Prodrugs of 8.CO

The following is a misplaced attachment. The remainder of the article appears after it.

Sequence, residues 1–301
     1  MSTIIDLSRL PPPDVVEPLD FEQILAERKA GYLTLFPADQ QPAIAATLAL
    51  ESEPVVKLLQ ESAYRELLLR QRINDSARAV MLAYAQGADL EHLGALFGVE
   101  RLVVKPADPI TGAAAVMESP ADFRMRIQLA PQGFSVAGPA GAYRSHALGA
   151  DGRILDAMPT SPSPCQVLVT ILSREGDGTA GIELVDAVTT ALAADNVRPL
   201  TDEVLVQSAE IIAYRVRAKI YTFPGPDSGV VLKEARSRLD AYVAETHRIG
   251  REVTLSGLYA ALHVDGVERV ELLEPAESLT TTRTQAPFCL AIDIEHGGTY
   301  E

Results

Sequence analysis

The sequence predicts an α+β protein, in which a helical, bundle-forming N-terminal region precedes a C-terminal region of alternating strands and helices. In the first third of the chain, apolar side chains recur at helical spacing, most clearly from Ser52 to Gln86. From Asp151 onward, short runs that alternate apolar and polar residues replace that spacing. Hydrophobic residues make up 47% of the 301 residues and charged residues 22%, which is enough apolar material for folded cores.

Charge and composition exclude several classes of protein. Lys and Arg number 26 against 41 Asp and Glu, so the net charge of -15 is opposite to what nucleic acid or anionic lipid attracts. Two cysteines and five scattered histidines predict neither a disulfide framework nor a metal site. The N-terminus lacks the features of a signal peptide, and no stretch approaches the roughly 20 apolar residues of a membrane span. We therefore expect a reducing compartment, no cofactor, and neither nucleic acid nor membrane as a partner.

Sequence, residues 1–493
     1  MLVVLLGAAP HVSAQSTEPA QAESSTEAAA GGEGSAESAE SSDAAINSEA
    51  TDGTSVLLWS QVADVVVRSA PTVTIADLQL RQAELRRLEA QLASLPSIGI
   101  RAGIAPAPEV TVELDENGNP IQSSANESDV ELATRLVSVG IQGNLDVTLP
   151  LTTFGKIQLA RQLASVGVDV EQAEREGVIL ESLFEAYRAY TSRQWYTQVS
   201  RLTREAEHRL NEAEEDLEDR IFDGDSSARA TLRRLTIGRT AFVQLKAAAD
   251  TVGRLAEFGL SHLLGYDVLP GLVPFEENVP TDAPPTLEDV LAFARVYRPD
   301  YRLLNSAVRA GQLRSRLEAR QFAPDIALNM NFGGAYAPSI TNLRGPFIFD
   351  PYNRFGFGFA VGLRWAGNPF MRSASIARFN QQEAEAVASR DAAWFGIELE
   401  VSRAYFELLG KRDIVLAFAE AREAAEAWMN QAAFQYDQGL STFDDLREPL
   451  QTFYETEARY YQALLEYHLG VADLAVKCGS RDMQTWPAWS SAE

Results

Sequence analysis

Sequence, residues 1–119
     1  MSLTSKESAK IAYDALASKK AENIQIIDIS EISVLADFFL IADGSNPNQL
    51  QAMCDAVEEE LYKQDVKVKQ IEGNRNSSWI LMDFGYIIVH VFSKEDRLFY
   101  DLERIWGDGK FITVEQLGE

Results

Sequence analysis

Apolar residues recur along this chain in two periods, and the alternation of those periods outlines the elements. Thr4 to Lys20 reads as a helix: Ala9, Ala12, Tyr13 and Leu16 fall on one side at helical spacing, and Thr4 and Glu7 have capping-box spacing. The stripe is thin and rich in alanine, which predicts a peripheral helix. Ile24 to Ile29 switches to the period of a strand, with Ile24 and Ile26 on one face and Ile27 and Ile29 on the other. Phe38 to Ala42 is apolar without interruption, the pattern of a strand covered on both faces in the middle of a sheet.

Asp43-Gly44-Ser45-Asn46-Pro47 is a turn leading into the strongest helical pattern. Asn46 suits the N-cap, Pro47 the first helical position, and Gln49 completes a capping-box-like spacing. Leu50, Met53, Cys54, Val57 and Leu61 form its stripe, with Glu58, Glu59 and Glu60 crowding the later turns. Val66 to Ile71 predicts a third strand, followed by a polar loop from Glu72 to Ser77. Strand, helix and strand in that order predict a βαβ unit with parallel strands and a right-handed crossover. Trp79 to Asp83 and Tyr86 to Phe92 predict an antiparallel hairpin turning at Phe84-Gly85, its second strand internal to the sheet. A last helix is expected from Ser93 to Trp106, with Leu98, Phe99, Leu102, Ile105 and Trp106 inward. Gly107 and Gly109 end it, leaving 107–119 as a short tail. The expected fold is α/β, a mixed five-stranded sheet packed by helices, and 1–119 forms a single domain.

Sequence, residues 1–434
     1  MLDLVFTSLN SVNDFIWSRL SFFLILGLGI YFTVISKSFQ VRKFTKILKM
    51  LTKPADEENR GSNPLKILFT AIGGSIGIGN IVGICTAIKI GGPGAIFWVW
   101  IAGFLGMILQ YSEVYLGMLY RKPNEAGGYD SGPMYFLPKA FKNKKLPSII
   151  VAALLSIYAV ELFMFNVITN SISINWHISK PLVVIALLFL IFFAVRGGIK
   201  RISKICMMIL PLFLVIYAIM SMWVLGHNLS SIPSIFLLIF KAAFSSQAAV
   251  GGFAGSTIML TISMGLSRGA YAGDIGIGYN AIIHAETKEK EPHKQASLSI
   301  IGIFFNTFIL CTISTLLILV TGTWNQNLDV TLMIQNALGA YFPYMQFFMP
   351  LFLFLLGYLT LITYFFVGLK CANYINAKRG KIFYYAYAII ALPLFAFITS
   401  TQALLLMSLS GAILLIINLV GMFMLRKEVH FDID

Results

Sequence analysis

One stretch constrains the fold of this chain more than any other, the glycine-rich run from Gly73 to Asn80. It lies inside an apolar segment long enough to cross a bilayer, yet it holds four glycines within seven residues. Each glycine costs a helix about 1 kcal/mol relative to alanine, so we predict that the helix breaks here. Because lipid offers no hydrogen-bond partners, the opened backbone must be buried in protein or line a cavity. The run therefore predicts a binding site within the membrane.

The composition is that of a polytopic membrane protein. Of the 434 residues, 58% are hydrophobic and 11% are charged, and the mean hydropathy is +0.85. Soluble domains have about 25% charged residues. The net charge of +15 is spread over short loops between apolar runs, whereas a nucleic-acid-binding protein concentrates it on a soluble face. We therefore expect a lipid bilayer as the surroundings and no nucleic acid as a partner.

8.C0.4.157; 8.CO.4.158; 8.CO.4.196; 8.CO.4.223; 8.CO.4.240; 8.CO.4.244; 8.CO.4.243; 8.CO.4.247; 8.CO.5.157; 8.CO.5.158; 8.CO.5.196; 8.CO.5.223; 8.CO.5.240; 8.CO.5.244; 8.C0.5.243; 8.CO.5.247; 8.CO.7.157; 8.CO.7.158; 8.CO.7.196; 8.CO.7.223; 8.CO.7.240; 8.CO.7.244; 8.CO.7.243; 8.CO.7.247; 8.CO.15.157; 8.CO.15.158; 8.CO.15.L96; 8.CO.15.223; 8.CO.15.240; 8.CO.15.244; 8.CO.15.243; 8.CO.15.247; 8.CO.16.157; 8.CO.16.158; 8.CO.16.196; 8.CO.16.223; 8.CO.16.240; 8.CO.16.244; 8.C0.16.243; 8.CO.16.247; 8.CO.18.157; 8.CO.18.158; 8.CO.18.196; 8.CO.18.223; 8.CO.18.240; 8.CO.18.244; 8.CO.18.243; 8.CO.18.247; 8.CO.26.157; 8.CO.26.158; 8.CO.26.196; 8.CO.26.223; 8.CO.26.240; 8.CO.26.244; 8.CO.26.243; 8.CO.26.247; 8.CO.27.157; 8.CO.27.158; 8.CO.27.196; 8.CO.27.223; 8.CO.27.240; 8.CO.27.244; 8.CO.27.243; 8.CO.27.247; 8.CO.29.157; 8.CO.29.158; 8.CO.29.196; 8.CO.29.223; 8.CO.29.240; 8.CO.29.244; 8.CO.29.243; 8.CO.29.247; 8.CO.54.157; 8.CO.54.158; 8.CO.54.196; 8.CO.54.223; 8.CO.54.240; 8.CO.54.244; 8.CO.54.243; 8.CO.54.247; 8.CO.55.157; 8.CO.55.158; 8.CO.55.196; 8.CO.55.223; 8.CO.55.240; 8.CO.55.244; 8.CO.55.243; 8.CO.55.247; 8.CO.56.157; 8.CO.56.158; 8.CO.56.196; 8.CO.56.223; 8.CO.56.240; 8.CO.56.244; 8.CO.56.243; 8.CO.56.247; 8.CO.157.157; 8.CO.157.158; 8.CO.157.196; 8.CO.157.223; 8.CO.157.240; 8.CO.157.244; 8.CO.157.243; 8.C0.157.247; 8.CO.196.157; 8.CO.196.158; 8.CO.196.196; 8.CO. 196.223; 8.CO. 196.240; 8.CO. 196.244; 8.CO. 196.243; 8.CO.196.247; 8.CO.223.157; 8.CO.223.158; 8.CO.223:i96; 8.CO.223.223; 8.CO.223.240; 8.CO.223.244; 8.CO.223.243; 8.CO.223.247; 8.CO.240.157; 8.C0.240.158; 8.CO.240.196; 8.CO.240.223; 8.CO.240.240; 8.CO.240.244; 8.CO.240.243; 8.C0.240.247; 8.CO.244.157; 8.CO.244.158; 8.CO.244.196; 8.CO.244.223; 8.CO.244.240; 8.C0.244.244; 8.CO.244.243; 8.CO.244.247; 8.CO.247.157; 8.CO.247.158; 8.CO.247.196; 8.CO.247.223; 8.CO.247.240; 8.CO.247.244; 8.CO.247.243; 8.CO.247.247;